A medium sized triathlon set in the stunning surrounds of north Yorkshire’s Castle Howard. 1200 triathletes tackle the picturesque course with a tough little off-road run that ends at the castle gates.
Where: North Yorkshire
When: July (since 2010)
Distances: Olympic – 1500m/46km/10km | Mid-Distance – 800m/46km/8km | Sprint – 400m/23km/4km plus Juniors
Size: 1200 triathletes
Official race website here.
- Practise the transition from swim to run with a bit of distance to the transition zone
- Make sure you know how many laps you need to do for your particular distance
- Make sure you know where you racked your bike as it’s a big transition area
- Save some energy at the end of the swim for the big climb up to the transition
- If you live in a flat area, try and train on some hills and get advice from someone who knows about how to tackle them, particularly on the bike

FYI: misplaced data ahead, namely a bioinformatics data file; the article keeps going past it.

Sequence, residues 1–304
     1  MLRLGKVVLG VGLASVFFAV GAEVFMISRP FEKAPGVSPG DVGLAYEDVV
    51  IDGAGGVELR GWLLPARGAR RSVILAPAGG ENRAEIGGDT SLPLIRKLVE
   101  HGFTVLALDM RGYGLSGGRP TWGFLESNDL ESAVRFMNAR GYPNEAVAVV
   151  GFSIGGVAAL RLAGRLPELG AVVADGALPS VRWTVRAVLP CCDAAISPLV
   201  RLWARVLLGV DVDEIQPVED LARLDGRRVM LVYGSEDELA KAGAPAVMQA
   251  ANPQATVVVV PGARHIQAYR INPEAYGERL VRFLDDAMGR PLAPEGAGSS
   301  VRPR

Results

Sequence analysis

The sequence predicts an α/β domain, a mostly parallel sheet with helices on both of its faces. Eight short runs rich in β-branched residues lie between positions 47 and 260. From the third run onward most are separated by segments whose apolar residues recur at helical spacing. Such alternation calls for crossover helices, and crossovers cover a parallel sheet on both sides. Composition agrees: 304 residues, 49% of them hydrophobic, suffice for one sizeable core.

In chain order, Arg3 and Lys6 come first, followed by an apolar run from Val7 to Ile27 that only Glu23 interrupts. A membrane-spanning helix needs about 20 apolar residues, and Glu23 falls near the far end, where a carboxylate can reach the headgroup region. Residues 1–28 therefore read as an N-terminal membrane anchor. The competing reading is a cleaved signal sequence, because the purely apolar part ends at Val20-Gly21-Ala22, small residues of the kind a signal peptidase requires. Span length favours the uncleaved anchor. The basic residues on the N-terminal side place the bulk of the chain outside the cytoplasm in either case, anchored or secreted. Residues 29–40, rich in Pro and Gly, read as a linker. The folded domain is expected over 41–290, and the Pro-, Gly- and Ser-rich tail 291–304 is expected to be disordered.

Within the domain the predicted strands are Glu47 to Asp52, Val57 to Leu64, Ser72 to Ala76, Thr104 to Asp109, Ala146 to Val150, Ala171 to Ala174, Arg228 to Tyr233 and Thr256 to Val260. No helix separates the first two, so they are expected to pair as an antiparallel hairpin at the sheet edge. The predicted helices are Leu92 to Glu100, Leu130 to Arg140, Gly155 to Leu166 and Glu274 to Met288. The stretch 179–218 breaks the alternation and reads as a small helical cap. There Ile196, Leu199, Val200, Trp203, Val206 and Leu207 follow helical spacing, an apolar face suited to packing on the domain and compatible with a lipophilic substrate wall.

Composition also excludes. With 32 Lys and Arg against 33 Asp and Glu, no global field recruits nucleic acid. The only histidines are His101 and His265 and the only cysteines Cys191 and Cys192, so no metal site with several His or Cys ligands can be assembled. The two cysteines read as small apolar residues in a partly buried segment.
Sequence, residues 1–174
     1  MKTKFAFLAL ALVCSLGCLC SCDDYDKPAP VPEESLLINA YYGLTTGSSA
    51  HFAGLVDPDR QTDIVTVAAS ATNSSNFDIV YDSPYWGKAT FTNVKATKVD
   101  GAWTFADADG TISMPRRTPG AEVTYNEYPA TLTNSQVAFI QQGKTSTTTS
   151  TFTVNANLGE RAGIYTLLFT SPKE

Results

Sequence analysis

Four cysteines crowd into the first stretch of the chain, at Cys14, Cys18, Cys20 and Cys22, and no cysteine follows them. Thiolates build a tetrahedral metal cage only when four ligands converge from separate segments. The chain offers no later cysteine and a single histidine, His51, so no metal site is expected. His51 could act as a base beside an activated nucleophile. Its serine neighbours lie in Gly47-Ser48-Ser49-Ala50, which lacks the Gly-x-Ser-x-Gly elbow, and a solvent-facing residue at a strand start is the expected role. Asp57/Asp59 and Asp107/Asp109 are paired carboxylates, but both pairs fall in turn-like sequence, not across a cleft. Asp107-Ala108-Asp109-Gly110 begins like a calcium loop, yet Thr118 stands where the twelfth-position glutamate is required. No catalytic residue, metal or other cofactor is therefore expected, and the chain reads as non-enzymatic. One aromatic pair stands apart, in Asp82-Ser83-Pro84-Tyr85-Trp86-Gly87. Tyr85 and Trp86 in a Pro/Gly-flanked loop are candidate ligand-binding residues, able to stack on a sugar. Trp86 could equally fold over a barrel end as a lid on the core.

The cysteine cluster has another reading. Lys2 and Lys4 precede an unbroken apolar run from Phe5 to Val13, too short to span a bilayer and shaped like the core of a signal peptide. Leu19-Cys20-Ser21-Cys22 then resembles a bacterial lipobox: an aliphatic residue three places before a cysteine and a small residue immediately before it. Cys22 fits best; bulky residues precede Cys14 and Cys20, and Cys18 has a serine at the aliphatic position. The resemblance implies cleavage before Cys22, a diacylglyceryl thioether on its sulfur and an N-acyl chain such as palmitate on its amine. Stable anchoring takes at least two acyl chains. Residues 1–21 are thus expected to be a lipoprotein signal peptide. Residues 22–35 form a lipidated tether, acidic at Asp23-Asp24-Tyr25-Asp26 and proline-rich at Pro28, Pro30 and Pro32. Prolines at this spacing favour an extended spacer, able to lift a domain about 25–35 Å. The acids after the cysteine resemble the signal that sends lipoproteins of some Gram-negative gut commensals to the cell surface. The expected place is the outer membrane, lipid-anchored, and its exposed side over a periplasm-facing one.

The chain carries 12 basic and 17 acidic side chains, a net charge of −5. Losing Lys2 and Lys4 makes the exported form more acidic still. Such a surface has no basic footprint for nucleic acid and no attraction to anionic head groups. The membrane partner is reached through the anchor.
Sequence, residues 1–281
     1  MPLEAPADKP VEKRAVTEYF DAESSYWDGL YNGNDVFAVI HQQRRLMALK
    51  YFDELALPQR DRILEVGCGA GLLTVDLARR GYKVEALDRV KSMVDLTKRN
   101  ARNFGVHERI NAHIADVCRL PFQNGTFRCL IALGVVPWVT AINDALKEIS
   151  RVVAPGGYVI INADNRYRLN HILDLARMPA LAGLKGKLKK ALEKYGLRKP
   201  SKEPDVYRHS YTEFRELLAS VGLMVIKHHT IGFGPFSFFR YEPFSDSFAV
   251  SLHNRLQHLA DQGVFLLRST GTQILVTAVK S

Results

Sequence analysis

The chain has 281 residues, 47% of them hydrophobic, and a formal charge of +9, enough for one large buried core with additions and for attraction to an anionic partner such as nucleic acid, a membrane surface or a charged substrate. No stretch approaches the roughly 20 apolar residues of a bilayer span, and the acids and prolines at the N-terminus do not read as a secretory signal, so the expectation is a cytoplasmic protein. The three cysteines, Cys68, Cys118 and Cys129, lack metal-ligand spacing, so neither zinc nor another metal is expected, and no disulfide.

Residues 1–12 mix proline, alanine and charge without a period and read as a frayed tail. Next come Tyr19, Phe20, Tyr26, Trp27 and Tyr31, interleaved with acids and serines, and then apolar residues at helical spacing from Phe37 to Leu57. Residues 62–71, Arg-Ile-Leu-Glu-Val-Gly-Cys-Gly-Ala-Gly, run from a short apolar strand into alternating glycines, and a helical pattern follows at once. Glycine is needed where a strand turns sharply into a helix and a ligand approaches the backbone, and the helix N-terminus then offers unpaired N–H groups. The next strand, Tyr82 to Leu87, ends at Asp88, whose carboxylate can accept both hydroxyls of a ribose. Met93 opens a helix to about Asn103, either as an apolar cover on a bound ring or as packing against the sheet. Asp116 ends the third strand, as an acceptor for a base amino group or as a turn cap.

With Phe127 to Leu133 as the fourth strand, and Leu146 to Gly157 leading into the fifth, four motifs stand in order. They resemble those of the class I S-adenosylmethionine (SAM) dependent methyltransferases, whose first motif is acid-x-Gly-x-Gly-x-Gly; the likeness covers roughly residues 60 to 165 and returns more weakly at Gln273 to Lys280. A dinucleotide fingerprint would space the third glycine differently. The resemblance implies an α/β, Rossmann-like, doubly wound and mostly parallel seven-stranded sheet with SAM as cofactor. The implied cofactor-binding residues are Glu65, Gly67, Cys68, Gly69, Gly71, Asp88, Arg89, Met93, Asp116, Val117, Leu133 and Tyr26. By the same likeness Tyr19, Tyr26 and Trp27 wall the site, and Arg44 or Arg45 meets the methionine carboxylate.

- Take some cash with you on the day as there are loads of stalls to explore at the race site, and spectators were required to pay £5 to get in
- Camp the night before, there’s a great atmosphere, lovely site, and an excuse to get the barbeque going!
What’s the organisation and set up like?
Castle Howard is part of the established and growing Castle Triathlon series and is a well organised event in another pretty stunning setting (Hever Castle Tri and Cholmondeley Tri also in the series). Before the race, there’s plenty of contact from organisers over email so most racers can feel well prepared and even learn a little of the history of the castle!